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Old 06-18-2021, 09:45 PM   #1
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Generator slow to start

Lately my Maspower Yanmar-powered generator is slow to start. It used to start immediately after I pushed the button but now it takes quite a few rounds to fire up. When itís warm this doesnít happen.

Is it possible the ďpre heaterĒ is no longer working? How would I test that?
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Old 06-18-2021, 10:16 PM   #2
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Take your IR thermometer and aim it at the point where the electrical connection to the glow plug is while somebody goes though the start procedure. If if doesn't heat up, the connection is bad or the plug is burned up. Warm engine might start with no glow plug heating; it depends on the engine.

Another thing to check is the battery to see if it has enough umph to spin the engine up to starting speed. It does not take so much juice to spin a warm engine.

Fuel leak-down is a possibility too meaning there is no fuel immediately available at start. An easy way to check is to disconnect an injector feed and hit the starter a click while watching the end of the injector line spit into a paper towel. Leak down may not have had time to occur if the engine is still warm.
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Old 06-18-2021, 11:42 PM   #3
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After the slow cold start, how does it run? What does the smoke look like?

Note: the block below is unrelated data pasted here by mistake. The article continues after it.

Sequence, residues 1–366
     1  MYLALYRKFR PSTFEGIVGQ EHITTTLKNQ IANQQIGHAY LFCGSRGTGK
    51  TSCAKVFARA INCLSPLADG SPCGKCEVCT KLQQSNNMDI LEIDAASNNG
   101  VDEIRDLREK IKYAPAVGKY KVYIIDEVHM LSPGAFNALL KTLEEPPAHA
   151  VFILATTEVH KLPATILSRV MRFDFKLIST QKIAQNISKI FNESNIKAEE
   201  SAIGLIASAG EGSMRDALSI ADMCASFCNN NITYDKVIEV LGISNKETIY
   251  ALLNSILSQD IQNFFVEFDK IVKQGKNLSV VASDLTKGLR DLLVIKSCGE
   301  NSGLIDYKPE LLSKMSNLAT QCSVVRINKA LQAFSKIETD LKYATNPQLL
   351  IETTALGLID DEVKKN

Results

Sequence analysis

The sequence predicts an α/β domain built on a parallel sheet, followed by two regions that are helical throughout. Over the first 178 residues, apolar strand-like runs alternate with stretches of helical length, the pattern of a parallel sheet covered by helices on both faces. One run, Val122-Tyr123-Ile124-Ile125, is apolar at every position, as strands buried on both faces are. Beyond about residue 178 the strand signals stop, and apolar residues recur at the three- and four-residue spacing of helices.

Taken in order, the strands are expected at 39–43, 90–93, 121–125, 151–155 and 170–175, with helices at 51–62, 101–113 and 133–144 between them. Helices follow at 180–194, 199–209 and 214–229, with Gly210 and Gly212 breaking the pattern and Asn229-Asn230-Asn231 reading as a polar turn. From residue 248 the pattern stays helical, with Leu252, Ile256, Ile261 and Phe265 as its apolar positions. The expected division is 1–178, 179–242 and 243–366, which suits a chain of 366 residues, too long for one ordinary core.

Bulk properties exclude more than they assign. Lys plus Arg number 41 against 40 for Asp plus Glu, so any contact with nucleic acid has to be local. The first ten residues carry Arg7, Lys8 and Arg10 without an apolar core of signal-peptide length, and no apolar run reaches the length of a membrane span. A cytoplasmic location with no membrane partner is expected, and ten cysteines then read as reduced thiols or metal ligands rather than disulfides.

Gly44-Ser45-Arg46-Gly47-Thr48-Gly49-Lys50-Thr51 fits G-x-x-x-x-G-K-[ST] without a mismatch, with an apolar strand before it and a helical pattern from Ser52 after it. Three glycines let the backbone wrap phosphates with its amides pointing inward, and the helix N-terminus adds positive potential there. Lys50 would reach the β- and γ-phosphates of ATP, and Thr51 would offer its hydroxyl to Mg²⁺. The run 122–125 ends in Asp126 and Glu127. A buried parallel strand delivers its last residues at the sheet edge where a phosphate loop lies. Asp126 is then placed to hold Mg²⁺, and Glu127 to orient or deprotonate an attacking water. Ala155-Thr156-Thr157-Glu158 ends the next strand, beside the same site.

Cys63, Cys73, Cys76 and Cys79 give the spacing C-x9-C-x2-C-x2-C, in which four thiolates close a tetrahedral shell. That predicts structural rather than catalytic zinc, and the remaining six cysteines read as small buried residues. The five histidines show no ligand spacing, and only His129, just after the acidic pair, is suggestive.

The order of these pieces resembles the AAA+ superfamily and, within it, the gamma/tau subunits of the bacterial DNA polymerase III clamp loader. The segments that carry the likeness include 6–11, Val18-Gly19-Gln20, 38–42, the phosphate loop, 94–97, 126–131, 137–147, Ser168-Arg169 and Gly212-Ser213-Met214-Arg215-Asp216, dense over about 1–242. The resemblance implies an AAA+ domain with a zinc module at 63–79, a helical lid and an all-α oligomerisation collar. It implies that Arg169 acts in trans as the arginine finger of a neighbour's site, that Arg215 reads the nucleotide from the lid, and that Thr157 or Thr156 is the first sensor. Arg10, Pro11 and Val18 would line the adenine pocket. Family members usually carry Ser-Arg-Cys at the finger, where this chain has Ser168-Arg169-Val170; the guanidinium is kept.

Glow plugs usually are resistive heaters. If you have a DC clamp meter, you can clamp around each wire, turn on then preheat, and look for a few amps of current, either steady or pulsed, through each.

Similarly they usually have a small few ohms of resistance, which you can check after disconnecting each one. They usually fail open or crazy high resistance.

Some preheat systems, the one for Perkins 6.354s comes to mind, work very differently, e.g..as heating diesel torches vs electric heaters.

I don't know yours at all. If you post the make and model, I can look for a schematic.
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Old 06-19-2021, 08:22 AM   #4
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This is the generator I have. The engine is the Yanmar 3TNV76.

http://marineenginestall.com/index.p...product_id=345
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Old 06-20-2021, 12:01 AM   #5
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Hey cardude01,

I didn't find much on that generator, but the service manual for the engine shows it to be a fairly typical yanmar 3cyl.

For a smownstart, the first thing qid check would be battery, and associated wires and connections. Low starting current could make a slow start.

The next thing I'd checknwould be fuel filters and valves. A fuel construction could do the same.

The next thing on my list would be glow plugs. They are resistive, according to the manual. So, they can be tested as I described above.